- 18 Feb 2022
- Ken Elliott
- Avionics - BizAv
As part of a series of articles covering the advancement of avionics, Ken Elliott provides an overview of aircraft recording, including cockpit voice and flight data.Back to Articles
Recording on and off the aircraft essentially addresses three areas, including ‘Health and Performance’; ‘Informing Safety’; and ‘Maintenance’. Following provides an overview of recording as it applies to today’s business aircraft…
Depending upon the category of aircraft, recording equipment may come standard-fit or be retrofitted, either because operating rules change, or the operator seeks improved performance monitoring.
As the aviation environment rapidly evolves, Business Aviation will adjust equipage to meet operational requirements and the need of manufacturers to learn from in-flight data gathering, such as engine monitoring. Additionally, operators may have the option of aircraft health monitoring and maintenance tracking through service provider programs.
Historically, recording has been focused on informing safety advancement. Flight data and voice recorders retained information for later analysis, to determine both the circumstances and potential causes of an incident. Until recently data gathering has been an ‘after the fact’ analogue- based activity, and data extrapolation both labor intensive and subject to error.
In today’s environment it is essential to automate recording and use connectivity to rapidly transfer simultaneous data from multiple sources of an aircraft. This implies a greater degree of memorizing and downloading for each essential aircraft system.
Apart from the traditional use of data (by national authorities) to inform safety, data is used by systems manufacturers and Flight Departments to advance performance.
There are many systems to monitor on a typical business aircraft. To reduce the need for additional onboard recording equipment there is a desire to use connectivity that downloads data in virtual real-time. Some recent flight recorders have that capability, in addition to the onboard retention of flight profile information.
The remainder of this article reviews recording for Health and Performance, Informing Safety and Maintenance (keeping in mind that operating requirements for Flight Departments are still mostly centered on informing safety).
Modern avionics are designed with Non-Volatile Memory (NVM) that stores data within subsystems. Apart from status messaging to the crew, NVM is useful for fault isolation and analysis.
It is correlated and supplemented with data recovered from crash-resistant recorders. Assuming an incident has not damaged the regular onboard systems they can be removed, and information may be retrieved for evaluation.
More usually, NVM serves the purpose of monitoring specific systems for health and performance. Different aircraft manage health monitoring in different ways but some version of a maintenance diagnostic computing system collects and stores relevant data for later use.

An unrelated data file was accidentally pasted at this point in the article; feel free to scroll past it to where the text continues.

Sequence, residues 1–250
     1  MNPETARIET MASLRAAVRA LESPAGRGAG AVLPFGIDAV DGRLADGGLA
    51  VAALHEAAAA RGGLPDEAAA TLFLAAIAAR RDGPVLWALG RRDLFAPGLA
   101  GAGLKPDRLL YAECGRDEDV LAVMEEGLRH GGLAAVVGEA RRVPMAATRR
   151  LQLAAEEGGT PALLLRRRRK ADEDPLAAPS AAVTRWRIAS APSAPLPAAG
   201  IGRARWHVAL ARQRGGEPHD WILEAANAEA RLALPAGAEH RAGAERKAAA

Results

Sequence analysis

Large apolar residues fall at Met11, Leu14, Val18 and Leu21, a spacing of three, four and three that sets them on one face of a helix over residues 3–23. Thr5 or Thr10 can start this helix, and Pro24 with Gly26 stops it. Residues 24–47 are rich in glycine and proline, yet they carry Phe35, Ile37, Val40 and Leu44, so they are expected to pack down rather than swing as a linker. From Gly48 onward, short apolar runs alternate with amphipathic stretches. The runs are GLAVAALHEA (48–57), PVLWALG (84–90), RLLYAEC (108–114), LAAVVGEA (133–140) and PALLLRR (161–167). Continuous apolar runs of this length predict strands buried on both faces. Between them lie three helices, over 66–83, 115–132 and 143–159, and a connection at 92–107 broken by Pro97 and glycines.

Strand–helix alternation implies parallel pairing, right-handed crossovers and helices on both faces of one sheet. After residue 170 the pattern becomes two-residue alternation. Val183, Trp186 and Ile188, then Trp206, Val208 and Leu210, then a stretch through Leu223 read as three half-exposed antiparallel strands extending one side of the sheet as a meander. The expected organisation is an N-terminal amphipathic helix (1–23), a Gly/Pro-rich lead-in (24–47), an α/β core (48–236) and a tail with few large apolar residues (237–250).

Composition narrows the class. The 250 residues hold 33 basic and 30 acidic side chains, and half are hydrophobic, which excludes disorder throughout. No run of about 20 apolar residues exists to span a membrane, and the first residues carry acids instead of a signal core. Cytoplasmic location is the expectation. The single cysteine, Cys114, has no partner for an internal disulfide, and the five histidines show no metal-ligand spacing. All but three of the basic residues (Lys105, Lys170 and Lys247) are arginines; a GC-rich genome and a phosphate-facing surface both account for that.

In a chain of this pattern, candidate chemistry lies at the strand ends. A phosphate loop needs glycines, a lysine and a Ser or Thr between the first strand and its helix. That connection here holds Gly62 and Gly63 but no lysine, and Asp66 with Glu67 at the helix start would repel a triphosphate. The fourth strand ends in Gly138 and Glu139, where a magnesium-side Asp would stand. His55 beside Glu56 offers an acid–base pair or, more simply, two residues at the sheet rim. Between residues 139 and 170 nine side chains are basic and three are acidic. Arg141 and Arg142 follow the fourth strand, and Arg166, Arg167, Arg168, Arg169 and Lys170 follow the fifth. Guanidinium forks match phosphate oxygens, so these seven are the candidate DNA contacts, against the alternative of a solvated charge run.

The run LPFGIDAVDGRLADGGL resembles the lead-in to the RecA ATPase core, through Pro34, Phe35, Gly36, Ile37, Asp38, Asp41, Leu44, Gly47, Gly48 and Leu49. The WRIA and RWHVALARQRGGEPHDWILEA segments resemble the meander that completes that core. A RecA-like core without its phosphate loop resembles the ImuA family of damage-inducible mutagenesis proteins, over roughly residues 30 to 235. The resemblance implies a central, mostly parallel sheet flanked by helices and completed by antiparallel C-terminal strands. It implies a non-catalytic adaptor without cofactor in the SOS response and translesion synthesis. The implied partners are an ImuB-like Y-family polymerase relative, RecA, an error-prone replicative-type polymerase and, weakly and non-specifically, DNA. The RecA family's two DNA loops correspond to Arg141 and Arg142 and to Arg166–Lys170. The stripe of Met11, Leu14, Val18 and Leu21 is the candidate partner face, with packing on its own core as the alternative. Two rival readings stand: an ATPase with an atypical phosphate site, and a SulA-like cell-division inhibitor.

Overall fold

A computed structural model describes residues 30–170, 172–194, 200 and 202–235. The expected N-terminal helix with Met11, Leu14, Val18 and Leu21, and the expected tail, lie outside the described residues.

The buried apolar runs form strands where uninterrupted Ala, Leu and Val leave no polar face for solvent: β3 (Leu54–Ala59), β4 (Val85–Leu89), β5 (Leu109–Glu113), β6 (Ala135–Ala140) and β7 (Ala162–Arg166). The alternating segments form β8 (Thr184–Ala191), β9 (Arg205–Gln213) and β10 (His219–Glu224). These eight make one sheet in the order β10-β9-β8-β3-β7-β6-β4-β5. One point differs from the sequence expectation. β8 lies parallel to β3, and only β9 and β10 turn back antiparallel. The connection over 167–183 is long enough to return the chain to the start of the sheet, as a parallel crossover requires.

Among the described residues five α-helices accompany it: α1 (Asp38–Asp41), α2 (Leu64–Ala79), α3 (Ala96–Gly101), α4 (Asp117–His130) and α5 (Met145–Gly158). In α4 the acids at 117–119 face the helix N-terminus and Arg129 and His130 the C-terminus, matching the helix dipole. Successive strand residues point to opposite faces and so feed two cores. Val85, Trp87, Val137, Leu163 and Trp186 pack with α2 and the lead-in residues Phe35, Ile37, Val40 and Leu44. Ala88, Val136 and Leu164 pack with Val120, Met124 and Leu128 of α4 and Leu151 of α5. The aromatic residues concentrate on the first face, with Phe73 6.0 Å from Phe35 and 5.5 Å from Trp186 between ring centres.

Sourced data originates from avionics, engines and airframe equipment. This memorized information is useful to Flight Departments and others after a trip when it is downloaded in the hangar.
Many cockpits include discretely mounted ports for diagnostics, where a computer or USB device can be inserted to facilitate downloads. This enables an early determination of the cause of a problem, and the ability to position necessary equipment for an expedited repair.
This truly comes into its own on multileg international trips. On these occasions, the Flight Department can ship loaner or exchange components directly to an approved foreign repair facility, having diagnosed the fault via satellite.
There are long-established flight monitoring programs in place for commercial operations. Operational Flight Data Monitoring (OFDM) in Europe, and Flight Operations Quality Assurance (FOQA) in the US, are methods of safety management. Versions of safety management that, in part, rely on the recording of data have also migrated to Business Aviation.
The cautious development of Wireless Avionics Intra Communications (WAIC) for aviation is underway. Here, low power, short range micro-transmission devices are associated with all primary and secondary systems of an aircraft. Control and response data is transferred not by wires but wirelessly.
The preferred method of activity between these systems is via a secure network using a part of the FCC Aeronautical Radio Navigation frequency band. Although not designed to transfer information off the aircraft, because of its wireless nature WAIC technology lends itself to air-to-ground and satellite connectivity.
Using Quick Access Recorders (QAR), modern aircraft also access, record and permit downloading of in-flight performance data for feedback to systems manufacturers.
Several business aircraft producers have teamed with engine providers to develop and issue Service Bulletins (SBs) to add small QARs to aircraft.
Continue reading this overview of aircraft recording and its uses, including for ‘Informing Safety’ and ‘Maintenance’ in the AvBuyer July Digital Edition…